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13 Dec 2006 : Column 1121Wcontinued
In addition the total number of staff employed at peak period for each of the last five years is as follows:
|(1)The figures for 2006 are until the end of September 2006.)|
Mr. Hoban: To ask the Secretary of State for the Home Department whether his Department continues to issue jumbo 48-page passports. 
Joan Ryan: Provision of the jumbo 48-page passport was withdrawn on 18 September 2006 and at present only 32-page biometric passports are available. The 48-page book was withdrawn so that the Identity and Passport Service could safely move from digital to biometric passports and meet the US visa waiver deadline of 26 October for full production of 32-page biometric books. A date has yet to be set as to when the 48-page passport may be reintroduced; this will potentially be spring 2007.
Mr. Evennett: To ask the Secretary of State for the Home Department how many passport applications there were in each of the last five years. 
Joan Ryan: The number of passport applications received by the Identity and Passport Service (formerly UKPS) in each of the last five calendar years are as follows:
Dr. Iddon: To ask the Secretary of State for the Home Department whether the Obscene Publications Act 1959 applies to internet websites offering pornographic material, with particular reference to child protection on the internet; and if he will make a statement. 
Mr. Coaker: The Obscene Publications Act 1959 applies to all published material whether on the internet or offline. Material is published if it is circulated, distributed, sold, given, lent or offered to another person. It will be deemed to be obscene if the court finds that its effect is such as to tend to deprave and corrupt persons who are likely to read, see or hear it.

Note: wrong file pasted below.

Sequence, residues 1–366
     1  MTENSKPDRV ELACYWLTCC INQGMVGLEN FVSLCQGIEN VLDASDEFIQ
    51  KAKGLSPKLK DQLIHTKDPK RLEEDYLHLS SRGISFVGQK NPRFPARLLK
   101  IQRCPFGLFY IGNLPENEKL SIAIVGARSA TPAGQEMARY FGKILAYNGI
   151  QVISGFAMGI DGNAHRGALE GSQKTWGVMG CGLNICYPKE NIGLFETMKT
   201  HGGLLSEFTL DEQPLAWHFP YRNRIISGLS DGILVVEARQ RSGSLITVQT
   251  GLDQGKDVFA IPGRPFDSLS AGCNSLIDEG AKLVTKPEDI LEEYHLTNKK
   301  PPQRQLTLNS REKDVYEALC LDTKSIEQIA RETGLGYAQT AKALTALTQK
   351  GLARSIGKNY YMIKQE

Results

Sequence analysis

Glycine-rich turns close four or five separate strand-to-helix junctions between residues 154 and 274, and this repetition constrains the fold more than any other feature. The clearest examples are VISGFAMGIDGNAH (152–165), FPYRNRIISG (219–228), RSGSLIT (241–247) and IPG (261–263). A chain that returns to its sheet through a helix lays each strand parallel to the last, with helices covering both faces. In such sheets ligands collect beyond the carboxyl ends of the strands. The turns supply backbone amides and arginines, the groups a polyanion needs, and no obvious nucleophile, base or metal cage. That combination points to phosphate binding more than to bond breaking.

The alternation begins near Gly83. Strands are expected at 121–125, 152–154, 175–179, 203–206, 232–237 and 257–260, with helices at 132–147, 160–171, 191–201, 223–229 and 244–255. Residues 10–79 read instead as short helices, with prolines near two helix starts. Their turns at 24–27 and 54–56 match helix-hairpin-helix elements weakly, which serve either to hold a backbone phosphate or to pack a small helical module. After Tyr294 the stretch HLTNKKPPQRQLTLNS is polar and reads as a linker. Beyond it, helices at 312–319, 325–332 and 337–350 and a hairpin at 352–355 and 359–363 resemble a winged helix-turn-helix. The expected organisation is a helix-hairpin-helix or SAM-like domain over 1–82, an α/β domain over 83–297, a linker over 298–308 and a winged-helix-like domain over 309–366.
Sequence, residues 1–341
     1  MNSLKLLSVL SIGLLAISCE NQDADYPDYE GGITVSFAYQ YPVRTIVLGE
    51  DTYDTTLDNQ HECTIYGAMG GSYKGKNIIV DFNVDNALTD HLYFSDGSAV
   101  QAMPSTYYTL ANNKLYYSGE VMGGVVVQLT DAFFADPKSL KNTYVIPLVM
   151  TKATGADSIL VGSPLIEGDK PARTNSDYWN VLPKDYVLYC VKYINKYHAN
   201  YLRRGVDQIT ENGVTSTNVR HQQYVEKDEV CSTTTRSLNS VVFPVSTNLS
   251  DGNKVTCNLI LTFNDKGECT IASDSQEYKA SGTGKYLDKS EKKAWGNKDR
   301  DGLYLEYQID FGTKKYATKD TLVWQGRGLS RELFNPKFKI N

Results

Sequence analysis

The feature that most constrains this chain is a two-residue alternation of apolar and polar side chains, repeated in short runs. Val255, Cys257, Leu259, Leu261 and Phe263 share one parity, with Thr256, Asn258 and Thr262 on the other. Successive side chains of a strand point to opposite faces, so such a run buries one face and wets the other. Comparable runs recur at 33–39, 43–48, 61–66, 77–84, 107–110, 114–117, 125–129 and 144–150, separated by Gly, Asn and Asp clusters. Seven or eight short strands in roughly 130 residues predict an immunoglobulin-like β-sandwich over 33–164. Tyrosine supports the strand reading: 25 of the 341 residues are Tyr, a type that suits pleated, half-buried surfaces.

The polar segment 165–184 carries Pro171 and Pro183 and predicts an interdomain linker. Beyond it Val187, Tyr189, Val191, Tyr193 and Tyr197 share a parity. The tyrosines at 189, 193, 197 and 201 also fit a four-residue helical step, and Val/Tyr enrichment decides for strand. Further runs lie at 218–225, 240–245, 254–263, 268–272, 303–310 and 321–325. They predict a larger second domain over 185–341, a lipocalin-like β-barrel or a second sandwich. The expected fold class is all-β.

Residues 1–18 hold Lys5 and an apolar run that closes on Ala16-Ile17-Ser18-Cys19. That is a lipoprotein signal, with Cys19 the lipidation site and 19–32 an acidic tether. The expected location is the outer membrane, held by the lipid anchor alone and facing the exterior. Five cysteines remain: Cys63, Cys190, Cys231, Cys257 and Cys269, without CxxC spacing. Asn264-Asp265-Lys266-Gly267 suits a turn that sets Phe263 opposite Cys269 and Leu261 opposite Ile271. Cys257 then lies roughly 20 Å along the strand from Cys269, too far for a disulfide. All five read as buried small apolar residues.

The Criminal Law Subgroup of the Home Secretarys Task Force on Child Protection on the Internet has considered the implications of a judgment in the Court of Appeal (R v. Perrin  EWCA crim 747) which indicated that where children are likely to access material of a degree of sexual explicitness equivalent to what is available to those aged 18 and above in a licensed sex shop, that material may be considered to be obscene and subject to prosecution. This applies to material which is not behind a suitable payment barrier or other accepted means of age verification, for example, material on the front page of pornography websites and non-commercial, user-generated material which is likely to be accessed by children and meets the threshold.
Mr. Clapham: To ask the Secretary of State for the Home Department what evidence underlay the decision by HM Prison Service to provide industrial and agricultural grades with a £350 recruitment and retention payment; and what assessment he has made of the likely impact of the payment on recruitment and retention.